Employers long have appreciated that it is not enough to train their workers in safety rules. The rules must be enforced and, as infractions recur, enforced more severely. Because the employer bears the burden of proving the defense of unpreventable employee misconduct, the company must usually have some way of documenting its safety enforcement.

As I noted in my January 2006 article in EHS Today, "The Oft-Missed Step: Documentation of Safety Discipline," employers also must be able to retrieve that documentation. The article recommended that employers avoid scattering their disciplinary records among personnel files and instead or, in addition, maintain "a central file of employee violations and discipline, starting from oral warnings." As the article states, "Such a central file – especially if it is computerized – would eliminate the burden of going through every employee's personnel record or other scattered records to prove that enforcement occurred."

Recent decisions show what can happen when the above principles are followed and what can happen when they are not.

In Stark Excavating, Inc. v. Perez, 811 F.3d 922 (7th Cir. 2016), the U.S. Court of Appeals for the Seventh Circuit rejected the company's unpreventable employee misconduct defense. The company had safety rules, had communicated them to its employees and had monitored the worksite for compliance. It even had prescribed a progressive "compliance mechanism" if violations were found; it would issue "tickets" to employees who broke safety rules. This technique, the court noted with evident favor, "would facilitate effective enforcement of the safety rules by allowing the tracking of violations by particular employees especially when working for different foremen."

The problem was that the policy of issuing such tickets "was routinely disregarded." Although the company had issued some tickets to employees, two supervisors testified that "they never issued any safety tickets and preferred to verbally correct employees." The court did not explain why this was insufficient but, as my 2006 article observed, "verbal corrections" often do not amount to an oral admonition, the first step in a progressive disciplinary program. Moreover, even if they do, the lack of documentation of strictly "verbal" corrections would make it very difficult to ensure that future discipline would progress. Moreover, the court noted, company supervisors had undermined safety enforcement from the start by providing each other advance warning by radio when the corporate safety director was in the area conducting safety audits.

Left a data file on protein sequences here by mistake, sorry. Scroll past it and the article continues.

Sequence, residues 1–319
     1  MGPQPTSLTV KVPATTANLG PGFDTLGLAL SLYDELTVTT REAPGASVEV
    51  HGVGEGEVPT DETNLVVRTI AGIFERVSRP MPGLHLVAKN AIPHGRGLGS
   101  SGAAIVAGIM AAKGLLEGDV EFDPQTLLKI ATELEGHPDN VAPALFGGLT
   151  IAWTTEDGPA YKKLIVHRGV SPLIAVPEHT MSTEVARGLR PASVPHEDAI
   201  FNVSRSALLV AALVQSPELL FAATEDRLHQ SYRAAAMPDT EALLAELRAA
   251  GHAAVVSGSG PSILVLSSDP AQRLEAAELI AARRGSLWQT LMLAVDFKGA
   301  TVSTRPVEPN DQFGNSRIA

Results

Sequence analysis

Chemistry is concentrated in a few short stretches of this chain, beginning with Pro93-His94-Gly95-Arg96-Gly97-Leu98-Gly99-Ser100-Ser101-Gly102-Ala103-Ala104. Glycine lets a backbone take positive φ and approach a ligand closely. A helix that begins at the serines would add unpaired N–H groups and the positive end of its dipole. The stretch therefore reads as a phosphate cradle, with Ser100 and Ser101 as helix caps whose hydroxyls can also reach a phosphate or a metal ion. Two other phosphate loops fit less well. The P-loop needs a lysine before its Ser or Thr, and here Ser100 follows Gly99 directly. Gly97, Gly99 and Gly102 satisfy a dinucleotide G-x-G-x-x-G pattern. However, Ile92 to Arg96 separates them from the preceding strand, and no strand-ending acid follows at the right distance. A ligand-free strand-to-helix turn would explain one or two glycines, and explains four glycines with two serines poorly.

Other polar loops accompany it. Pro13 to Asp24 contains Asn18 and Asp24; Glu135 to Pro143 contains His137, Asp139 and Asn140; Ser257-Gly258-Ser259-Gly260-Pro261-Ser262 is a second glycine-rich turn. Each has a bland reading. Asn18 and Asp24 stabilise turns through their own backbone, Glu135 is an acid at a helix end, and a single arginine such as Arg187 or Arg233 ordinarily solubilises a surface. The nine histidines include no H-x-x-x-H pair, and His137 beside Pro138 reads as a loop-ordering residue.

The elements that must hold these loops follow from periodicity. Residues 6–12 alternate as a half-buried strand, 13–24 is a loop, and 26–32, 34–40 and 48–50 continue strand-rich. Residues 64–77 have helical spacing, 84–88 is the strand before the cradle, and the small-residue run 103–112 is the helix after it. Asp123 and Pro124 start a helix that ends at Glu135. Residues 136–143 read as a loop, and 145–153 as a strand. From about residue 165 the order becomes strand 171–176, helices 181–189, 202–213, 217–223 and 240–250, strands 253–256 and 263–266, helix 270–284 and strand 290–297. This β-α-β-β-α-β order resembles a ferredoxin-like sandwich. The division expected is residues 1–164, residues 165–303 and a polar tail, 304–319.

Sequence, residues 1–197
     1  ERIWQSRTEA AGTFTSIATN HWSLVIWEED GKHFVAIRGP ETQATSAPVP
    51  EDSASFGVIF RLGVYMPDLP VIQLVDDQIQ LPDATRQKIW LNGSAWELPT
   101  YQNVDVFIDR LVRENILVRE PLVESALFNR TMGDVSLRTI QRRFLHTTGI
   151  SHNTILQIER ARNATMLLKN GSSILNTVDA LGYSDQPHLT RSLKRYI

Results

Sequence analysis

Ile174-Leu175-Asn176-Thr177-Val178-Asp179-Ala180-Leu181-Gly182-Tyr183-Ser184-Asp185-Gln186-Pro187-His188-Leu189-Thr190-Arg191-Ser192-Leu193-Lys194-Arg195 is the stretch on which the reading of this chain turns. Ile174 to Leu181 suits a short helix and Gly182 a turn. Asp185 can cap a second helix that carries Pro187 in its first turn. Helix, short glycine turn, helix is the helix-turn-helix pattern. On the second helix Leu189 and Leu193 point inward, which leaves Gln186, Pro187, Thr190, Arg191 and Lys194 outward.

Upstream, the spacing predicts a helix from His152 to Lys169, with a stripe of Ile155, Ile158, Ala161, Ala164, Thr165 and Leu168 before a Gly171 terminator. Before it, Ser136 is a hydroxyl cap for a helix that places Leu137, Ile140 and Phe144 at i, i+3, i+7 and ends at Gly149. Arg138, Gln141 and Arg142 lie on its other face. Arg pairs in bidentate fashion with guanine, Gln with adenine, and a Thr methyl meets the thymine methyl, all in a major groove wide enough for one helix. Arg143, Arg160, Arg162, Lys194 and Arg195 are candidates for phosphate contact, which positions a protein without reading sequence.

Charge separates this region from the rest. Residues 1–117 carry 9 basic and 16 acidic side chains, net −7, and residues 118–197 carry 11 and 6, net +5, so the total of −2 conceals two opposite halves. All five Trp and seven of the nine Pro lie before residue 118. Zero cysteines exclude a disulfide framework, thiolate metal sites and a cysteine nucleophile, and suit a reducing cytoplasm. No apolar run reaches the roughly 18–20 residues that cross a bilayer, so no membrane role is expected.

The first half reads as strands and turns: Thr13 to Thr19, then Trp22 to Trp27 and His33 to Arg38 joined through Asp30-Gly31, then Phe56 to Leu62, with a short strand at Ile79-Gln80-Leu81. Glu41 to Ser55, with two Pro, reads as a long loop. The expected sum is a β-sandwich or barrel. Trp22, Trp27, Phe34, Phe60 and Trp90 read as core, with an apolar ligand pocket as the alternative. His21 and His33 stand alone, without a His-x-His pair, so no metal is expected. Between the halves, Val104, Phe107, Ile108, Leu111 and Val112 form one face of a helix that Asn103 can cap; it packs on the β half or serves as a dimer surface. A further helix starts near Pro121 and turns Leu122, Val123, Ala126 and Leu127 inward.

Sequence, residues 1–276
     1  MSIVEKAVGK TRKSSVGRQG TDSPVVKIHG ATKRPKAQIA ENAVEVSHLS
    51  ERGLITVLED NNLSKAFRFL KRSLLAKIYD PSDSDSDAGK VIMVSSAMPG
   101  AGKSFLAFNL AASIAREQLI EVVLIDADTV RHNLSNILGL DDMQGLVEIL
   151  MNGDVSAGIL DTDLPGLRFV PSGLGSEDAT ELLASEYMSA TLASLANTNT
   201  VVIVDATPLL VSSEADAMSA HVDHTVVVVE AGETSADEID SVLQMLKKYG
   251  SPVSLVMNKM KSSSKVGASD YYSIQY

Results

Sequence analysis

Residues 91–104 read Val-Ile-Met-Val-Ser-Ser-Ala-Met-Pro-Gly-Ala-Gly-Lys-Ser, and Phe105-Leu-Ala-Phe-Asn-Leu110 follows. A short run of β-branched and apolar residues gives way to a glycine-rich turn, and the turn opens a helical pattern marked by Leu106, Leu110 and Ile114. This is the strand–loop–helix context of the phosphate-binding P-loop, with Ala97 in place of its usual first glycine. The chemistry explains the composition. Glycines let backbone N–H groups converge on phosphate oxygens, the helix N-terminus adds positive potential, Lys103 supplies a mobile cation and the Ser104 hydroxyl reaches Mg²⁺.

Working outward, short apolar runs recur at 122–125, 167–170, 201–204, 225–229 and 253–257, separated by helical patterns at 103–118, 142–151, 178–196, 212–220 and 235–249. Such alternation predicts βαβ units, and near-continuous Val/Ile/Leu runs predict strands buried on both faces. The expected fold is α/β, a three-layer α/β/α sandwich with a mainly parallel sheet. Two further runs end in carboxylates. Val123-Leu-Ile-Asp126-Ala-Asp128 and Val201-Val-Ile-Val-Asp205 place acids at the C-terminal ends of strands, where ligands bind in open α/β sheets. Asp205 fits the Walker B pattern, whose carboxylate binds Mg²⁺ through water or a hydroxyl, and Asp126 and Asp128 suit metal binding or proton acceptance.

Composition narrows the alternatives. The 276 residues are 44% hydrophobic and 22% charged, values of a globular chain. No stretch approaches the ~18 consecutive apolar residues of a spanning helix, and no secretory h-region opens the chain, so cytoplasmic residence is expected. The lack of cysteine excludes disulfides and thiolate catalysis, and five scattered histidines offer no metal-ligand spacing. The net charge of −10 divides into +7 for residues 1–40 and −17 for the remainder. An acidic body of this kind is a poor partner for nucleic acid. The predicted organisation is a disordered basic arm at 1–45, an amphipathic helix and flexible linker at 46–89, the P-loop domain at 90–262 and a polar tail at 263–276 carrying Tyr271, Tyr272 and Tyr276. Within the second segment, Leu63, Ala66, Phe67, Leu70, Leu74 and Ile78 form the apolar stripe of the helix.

By contrast, the Occupational Safety and Health Review Commission a few days later vacated a citation where the employer not only did things right but could prove that it had done things right. The employer even had the central log of disciplinary actions advocated by my 2006 article.

In S.J. Louis Constr. of Texas, 25 BNA OSHC 1892, 2016 CCH OSHD ¶ 33,503 (OSHRC 2016), the employer had a "disciplinary log" showing that over the two-year period predating the OSHA inspection, it had "warned and suspended employees on dozens of occasions for safety violations…" The commission noted that the employer's log "tracks who was disciplined, the type of discipline, and whether it was a first, second, or third infraction," and that "none of the employees had more than two safety-related infractions." Most importantly, the log also showed that discipline did, in fact, progress when an employee committed a second infraction.

The commission therefore vacated the citation.